The Financial Services Authority (FSA) has today signalled fundamental changes to the mortgage market despite it being a dead authority walking.
The background is that a detailed study by the FSA has found that:
- Almost half of new mortgages from 2007 until early 2010 were given without verifying the borrower’s income. These would have been given out on a ‘self-certification’ or ‘fast track’ basis.
- 46% of mortgaged households had no money or were in deficit at the end of every month.
- The share of interest only mortgages has been increasing. Many of these have no credible plan in place to repay the capital owing either during or at the end of the term.
In an attempt to get mortgage lending on a path of ‘back to basics’ the FSA has made some key proposals.
Lenders must not only assess all borrowers for affordability but also take on the ultimate responsibility for that assessment. This will mean a far deeper assessment of the borrower’s income over expenditure. This will cost more as some lenders still ‘fast-track’ clients with good credit histories to save time and money. A fast track mortgage is a self-cert in all but name except the lender reserves the right to call for proof of income at any stage. Now every application will have to attract greater scrutiny. Not only that, but if a client opts for an interest only mortgage can it be called truly affordable if they are just hoping for a windfall or future price rises or inflation to erode the debt away? Also, how many lenders would allow people to rely on a repayment vehicle such as an endowment, ISA or pension lump sum unless cast iron guarantees were built in to them? The vast majority of people would (rightly?) be forced onto a full repayment mortgage. This would also make lending into retirement very difficult unless you were on a solid and large final salary scheme with a big employer. Now some fast-track mortgages are perfectly legitimate, but what would be interesting is a bank by bank breakdown of which ones are giving out the most of them.
Lenders will be required to verify any income the borrower declares. This move is designed to cut down on the inflation of wages and mortgage fraud. This effectively kills off the now infamous ‘self certification’ mortgage where the borrower is allowed to make the assessment, or ‘self-certify’ their income. The ‘self-cert’ mortgage was designed for those that had disparate incomes that could not be proven. But with today’s banking and tax procedures as well as the demise of cash makes them harder and harder to justify anyway.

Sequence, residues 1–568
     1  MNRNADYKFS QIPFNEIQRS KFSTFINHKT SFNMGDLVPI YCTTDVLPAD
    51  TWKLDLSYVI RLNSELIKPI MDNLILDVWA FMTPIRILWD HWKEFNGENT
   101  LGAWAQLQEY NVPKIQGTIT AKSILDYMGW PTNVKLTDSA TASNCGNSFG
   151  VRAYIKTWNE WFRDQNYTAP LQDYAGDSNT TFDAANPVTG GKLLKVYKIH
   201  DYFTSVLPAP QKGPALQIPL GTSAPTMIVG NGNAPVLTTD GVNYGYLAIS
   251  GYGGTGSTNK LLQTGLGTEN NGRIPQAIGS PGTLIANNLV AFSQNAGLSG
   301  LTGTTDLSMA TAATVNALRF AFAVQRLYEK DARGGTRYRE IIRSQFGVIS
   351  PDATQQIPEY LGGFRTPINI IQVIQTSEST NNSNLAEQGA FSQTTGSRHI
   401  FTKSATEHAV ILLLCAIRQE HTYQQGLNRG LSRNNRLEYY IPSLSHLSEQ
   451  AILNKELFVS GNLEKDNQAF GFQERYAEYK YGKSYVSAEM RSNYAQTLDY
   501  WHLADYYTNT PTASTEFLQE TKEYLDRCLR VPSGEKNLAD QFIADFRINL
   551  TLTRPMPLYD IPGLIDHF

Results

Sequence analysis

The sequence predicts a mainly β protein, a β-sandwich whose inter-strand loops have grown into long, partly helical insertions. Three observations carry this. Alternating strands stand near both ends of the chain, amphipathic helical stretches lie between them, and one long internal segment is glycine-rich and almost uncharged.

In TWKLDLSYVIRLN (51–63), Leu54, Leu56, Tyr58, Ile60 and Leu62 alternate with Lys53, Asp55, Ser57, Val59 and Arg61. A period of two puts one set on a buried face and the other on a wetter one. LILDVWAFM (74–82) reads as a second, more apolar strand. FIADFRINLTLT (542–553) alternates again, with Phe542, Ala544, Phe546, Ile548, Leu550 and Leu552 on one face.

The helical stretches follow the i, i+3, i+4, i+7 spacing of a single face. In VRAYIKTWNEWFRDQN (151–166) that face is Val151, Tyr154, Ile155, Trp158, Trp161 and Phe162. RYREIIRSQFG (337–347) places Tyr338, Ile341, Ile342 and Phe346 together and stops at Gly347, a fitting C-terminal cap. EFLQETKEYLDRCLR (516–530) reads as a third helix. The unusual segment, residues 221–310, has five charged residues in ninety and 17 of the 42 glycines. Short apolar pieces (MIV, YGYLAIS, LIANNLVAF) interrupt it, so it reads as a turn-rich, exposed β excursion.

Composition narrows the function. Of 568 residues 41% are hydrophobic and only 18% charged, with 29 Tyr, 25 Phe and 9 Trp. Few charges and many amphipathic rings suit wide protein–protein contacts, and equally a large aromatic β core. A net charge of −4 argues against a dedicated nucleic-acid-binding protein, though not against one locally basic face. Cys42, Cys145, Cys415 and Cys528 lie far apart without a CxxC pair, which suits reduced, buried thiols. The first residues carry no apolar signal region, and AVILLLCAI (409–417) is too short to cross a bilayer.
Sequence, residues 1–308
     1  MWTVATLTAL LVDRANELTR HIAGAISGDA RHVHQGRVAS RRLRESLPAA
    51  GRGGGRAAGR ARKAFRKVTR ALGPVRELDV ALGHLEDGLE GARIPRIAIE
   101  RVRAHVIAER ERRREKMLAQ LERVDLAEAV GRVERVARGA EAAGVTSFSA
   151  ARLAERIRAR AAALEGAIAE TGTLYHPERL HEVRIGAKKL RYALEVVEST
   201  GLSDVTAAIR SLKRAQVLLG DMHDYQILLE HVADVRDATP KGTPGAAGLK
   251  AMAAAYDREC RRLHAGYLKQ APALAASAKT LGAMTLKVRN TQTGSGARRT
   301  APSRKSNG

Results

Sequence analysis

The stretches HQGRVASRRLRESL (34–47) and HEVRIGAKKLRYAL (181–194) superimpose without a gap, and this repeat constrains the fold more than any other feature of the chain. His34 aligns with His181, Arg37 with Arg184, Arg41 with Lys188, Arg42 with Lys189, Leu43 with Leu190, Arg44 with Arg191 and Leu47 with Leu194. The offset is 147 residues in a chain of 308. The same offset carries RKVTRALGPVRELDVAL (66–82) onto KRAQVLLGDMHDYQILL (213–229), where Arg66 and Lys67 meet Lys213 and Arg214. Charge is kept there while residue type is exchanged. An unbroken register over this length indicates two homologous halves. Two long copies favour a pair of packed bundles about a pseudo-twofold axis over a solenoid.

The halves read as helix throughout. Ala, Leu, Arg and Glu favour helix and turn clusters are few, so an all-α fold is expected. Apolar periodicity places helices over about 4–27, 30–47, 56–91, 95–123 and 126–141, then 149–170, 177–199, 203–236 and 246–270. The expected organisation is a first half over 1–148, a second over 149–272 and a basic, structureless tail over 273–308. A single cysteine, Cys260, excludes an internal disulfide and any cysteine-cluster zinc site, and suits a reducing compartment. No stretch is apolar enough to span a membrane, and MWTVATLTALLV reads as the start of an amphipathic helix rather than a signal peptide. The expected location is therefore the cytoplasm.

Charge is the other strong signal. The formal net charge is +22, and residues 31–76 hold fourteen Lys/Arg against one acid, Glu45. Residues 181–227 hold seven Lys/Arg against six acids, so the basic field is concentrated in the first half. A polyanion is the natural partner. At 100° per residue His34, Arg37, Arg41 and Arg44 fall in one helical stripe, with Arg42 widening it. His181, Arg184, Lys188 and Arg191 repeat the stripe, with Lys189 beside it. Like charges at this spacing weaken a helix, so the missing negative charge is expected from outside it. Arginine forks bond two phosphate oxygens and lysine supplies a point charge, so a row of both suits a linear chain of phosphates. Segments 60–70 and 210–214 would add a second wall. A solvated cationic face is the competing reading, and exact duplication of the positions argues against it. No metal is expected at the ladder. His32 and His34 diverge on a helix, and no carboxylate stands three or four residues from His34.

There will be extra protection for ‘vulnerable customers with a credit impaired history’. Many people falling on hard times find themselves paying huge fees or very high rates just to keep their own homes and are usually trapped within very unattractive deals for many years.
One of the drivers that brought this about may have been the drive for competition. Gone are the days of banking with a single lender. People can now spread their assets and liabilities about amongst the institutions. Loans from one, credit cards from another and mortgage from elsewhere with what little savings they have with someone else. A serial Buy-To-Let landlord will have mortgage spread far and wide. Then with three credit referencing agencies (Equifax, Experian and Callcredit) all with different information, it becomes very difficult for a lender to assess anyone’s true ability to pay.
What we may therefore see is a forced return to one client one bank. Or you get no mortgage, loan or credit card. The law does not support this at present but the FSA’s proposed requirements could well do. The banks will of course like this as swapping accounts would then become very difficult, just like the old days.
One way around this would be to amalgamate the credit referencing agencies into a single charity based unit with a statutory requirement that all loans be properly recorded and updated with them or they become unenforceable by the courts. Then people can still swap accounts and lenders can properly assess affordability.
The FSA proposals will leave some worried that, when the remortgage comes up on their large sized, high loan to value self cert mortgage, they might be left high and dry on the lender's standard variable rate.